Pinehurst News

The Pinehurst Gingerbread Village

 

Here’s a look behind the scenes putting together the 2013 Gingerbread Village of Pinehurst at the historic Carolina Hotel at Pinehurst Resort. The Gingerbread Village is constructed by Pinehurst Pastry Chef Joey Norombaba and his incredible team. The Village is on display for the viewing public.

The village display required the sub-structure to be built with plywood by the Hotel carpenters in order to support the structure. The project took the team over 100 hours to be complete.

The display consists of the Carolina Hotel, The Village Chapel and four residential homes in Pinehurst.

Chef Norombaba led a team of 12 artists from the pastry shop and Resort kitchens during four weeks to complete each building and the surrounding details.

So, want to build your own at home? Awesome. Here’s the recipe:

150LBS of 10x powdered sugar
3 Gallons egg whites
3 quarts lemon juice
18LBS rolled fondant
5LB pretzels
3 cups of green food coloring
150LBS of HOUSE BAKED gingerbread
5LBS Dark chocolate
15LBS VARIOUS CANDIES
2cs rice Krispies

 

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The Pinehurst Blog is moving…here.

A New Home

A New Home

In June 2012, Pinehurst Resort launched its blog for a reason.

You.

So much happens at Pinehurst Resort – from Sir Nick Faldo appearing twice in a year to Ken “The Champ” Climo breaking out a Frisbee golf disc on Pinehurst No. 2 – and we wanted to have a home to tell you all about it.

We feel like, thanks to you, the Blog has been a tremendous success. But with success comes opportunity, and today we have an opportunity to move to a new home.

Pinehurst.com.

Or perhaps better put, the new Pinehurst.com.

We’re here now, as are all of your favorite posts from the last 18 months. We’re now housed in the News section of Pinehurst Resort’s redesigned website.

Just because we’ve moved doesn’t mean much has significantly changed. We’ll continue to tell you the stories that make Pinehurst what it is today, present the videos you have come to expect from us, and provide the kind of inside-the-ropes access to the 2014 U.S. Open Championships you will get nowhere else.

Thanks for reading, we hope you continue reading, and feel free to stop on by the new digs as often as you’d like.

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After The Putt: Payne Stewart’s Next 24 Hours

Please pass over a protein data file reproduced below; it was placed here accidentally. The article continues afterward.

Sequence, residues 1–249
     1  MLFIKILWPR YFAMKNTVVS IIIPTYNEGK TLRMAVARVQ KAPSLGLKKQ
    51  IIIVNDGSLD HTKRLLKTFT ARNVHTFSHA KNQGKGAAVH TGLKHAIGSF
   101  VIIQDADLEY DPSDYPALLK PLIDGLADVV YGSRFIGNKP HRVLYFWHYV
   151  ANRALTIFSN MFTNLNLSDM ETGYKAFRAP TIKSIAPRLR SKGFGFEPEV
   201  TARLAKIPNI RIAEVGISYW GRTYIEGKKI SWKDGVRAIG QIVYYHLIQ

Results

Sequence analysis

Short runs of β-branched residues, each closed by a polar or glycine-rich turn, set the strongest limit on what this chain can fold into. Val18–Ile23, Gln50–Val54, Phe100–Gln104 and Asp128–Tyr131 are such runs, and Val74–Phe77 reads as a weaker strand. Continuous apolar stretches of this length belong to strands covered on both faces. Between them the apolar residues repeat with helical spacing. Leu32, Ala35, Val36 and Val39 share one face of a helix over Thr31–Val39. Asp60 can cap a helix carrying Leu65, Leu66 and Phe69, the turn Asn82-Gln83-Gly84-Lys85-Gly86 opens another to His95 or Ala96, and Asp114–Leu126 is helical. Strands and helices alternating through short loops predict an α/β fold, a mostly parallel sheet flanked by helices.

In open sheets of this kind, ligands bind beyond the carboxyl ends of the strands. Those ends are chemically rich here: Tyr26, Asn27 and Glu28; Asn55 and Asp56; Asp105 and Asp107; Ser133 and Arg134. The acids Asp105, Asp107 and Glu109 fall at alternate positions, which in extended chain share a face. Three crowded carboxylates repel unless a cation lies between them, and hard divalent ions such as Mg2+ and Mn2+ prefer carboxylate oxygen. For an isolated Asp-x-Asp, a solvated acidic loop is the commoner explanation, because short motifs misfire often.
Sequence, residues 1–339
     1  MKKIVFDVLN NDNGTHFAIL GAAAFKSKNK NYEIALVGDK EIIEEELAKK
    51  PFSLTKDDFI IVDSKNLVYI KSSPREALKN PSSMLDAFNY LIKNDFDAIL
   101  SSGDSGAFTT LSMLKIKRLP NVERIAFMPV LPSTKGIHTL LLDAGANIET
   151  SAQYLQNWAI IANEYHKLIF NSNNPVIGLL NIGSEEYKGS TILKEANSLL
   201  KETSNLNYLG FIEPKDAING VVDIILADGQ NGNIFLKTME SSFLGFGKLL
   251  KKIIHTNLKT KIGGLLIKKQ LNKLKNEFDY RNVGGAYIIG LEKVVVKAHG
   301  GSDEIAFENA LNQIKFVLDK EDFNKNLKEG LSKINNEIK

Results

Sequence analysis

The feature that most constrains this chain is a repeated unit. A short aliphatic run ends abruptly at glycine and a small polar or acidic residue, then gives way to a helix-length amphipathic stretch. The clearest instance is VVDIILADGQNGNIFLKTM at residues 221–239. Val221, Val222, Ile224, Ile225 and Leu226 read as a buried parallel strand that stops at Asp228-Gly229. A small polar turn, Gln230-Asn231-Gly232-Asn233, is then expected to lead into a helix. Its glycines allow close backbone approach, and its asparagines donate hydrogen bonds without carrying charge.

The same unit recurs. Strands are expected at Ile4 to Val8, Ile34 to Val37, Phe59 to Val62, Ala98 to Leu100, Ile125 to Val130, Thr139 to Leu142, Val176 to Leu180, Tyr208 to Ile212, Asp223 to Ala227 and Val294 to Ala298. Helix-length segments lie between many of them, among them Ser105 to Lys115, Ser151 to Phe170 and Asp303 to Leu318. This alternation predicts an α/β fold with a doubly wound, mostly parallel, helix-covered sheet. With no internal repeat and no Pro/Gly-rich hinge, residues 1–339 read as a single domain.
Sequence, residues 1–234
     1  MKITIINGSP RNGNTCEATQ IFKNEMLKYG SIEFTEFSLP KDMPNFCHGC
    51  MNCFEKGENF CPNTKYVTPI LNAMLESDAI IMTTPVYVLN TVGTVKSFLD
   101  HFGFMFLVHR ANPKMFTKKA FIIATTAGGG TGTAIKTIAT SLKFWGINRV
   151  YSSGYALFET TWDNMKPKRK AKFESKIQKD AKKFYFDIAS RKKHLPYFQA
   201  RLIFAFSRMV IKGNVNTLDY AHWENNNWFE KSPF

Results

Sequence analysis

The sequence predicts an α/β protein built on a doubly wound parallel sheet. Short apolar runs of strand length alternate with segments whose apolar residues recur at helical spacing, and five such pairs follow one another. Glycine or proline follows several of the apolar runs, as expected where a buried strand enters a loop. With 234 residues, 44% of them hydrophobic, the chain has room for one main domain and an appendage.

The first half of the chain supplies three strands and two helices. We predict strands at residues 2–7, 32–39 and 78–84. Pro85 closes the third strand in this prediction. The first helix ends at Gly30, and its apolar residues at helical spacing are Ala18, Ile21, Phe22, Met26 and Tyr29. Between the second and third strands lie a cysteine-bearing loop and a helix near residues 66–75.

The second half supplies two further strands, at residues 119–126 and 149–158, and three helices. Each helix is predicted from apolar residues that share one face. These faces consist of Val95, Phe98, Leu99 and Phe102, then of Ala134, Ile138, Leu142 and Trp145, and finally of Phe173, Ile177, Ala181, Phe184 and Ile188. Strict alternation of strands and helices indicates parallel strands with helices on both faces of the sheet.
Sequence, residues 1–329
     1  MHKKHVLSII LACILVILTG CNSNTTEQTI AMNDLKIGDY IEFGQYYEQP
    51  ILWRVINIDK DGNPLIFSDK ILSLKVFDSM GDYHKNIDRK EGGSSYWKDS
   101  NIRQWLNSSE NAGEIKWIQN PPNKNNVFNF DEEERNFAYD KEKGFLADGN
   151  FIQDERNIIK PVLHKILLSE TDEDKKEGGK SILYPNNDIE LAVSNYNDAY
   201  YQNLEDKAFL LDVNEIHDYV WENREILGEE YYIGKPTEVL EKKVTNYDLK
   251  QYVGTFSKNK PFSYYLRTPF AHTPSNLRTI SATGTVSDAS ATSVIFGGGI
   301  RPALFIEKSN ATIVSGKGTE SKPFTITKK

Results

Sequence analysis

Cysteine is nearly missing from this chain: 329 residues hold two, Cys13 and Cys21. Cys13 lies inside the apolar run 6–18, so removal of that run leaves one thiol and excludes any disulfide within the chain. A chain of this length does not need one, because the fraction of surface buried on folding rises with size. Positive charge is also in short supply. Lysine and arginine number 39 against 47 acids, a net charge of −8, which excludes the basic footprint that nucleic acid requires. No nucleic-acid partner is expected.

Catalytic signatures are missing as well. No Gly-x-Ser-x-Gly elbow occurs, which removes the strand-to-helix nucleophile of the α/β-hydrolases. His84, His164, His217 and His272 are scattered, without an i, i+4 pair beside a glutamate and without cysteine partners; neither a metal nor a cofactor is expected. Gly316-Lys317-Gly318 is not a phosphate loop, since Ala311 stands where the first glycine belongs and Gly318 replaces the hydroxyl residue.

Payne Stewart’s caddie Mike Hicks spent the next 24 hours with Payne Stewart after they won the 1999 U.S. Open at Pinehurst.

What happened?

A lot.

Including more great golf.

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Inside the Ropes with Payne’s caddie at the 1999 U.S. Open

Mike Hicks, who won three major championships as Payne Stewart’s caddie, recently spoke at Pinehurst for the Partner Team Championship, taking a few moments to tell us what was going through his and Payne Stewart’s minds down the stretch of the 1999 U.S. Open against Phil Mickelson.

We start with Stewart’s incredible par save at the par-4 16th hole:

 

 

On to 17, where Stewart made his move:

 

 

Trouble at 18 off the tee:

 

 

The Pitch – And don’t go long:

 

 

One Moment in Time – The Read:

 

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Phil Mickelson recalls ’99 U.S. Open, previews 2014 in Pinehurst

Phorward

 

Phil Mickelson, no doubt a darling at Pinehurst and perhaps the most anticipated storyline entering the 2014 U.S. Open, appeared on Golf Channel’s Morning Drive on Friday, and among many other things in a show pretty much dedicated to all things Lefty, recalled the previous U.S. Opens at Pinehurst, including his fascinating duel with the iconic Payne Stewart in 1999.

 

 

Mickelson also elaborated about his much-discussed shortening of his 2014 schedule, how he plans to prepare for Pinehurst in an effort to finally capture the elusive U.S. Open Championship, and what it would mean to him to complete the career Grand Slam at Pinehurst.

First, a sampling of some Mickelson’s recollections of the 1999 U.S. Open, his first of six runner-up finishes in the national championship:

And, we find out, had there been a playoff, Mickelson would’ve been on an airplane:

“99 is a tournament I’ll always remember, and I’ll actually cherish, too. A lot of great things came from that event even though it was a heartbreaking loss. And one of the great things that happened was Payne Stewart winning that tournament. He played some great golf, but also having lost him four months later, it was very meaningful to have him win there. Also, the next day, at 11 o’clock in the morning, Amy’s water broke, and we would’ve been in a playoff, and I would’ve been flying back anyway. It just turned out the way it was supposed to. Hopefully I’ll be able to go back there next year and take some of that emotion and apply it to my game, play well and capture my first U.S. Open. That would be such an emotional venue and opportunity for me to finally get my first U.S. Open.”

Regarding Payne Stewart’s first magical putt – a wild double- or triple-breaker for par on 16:

… Continue Reading

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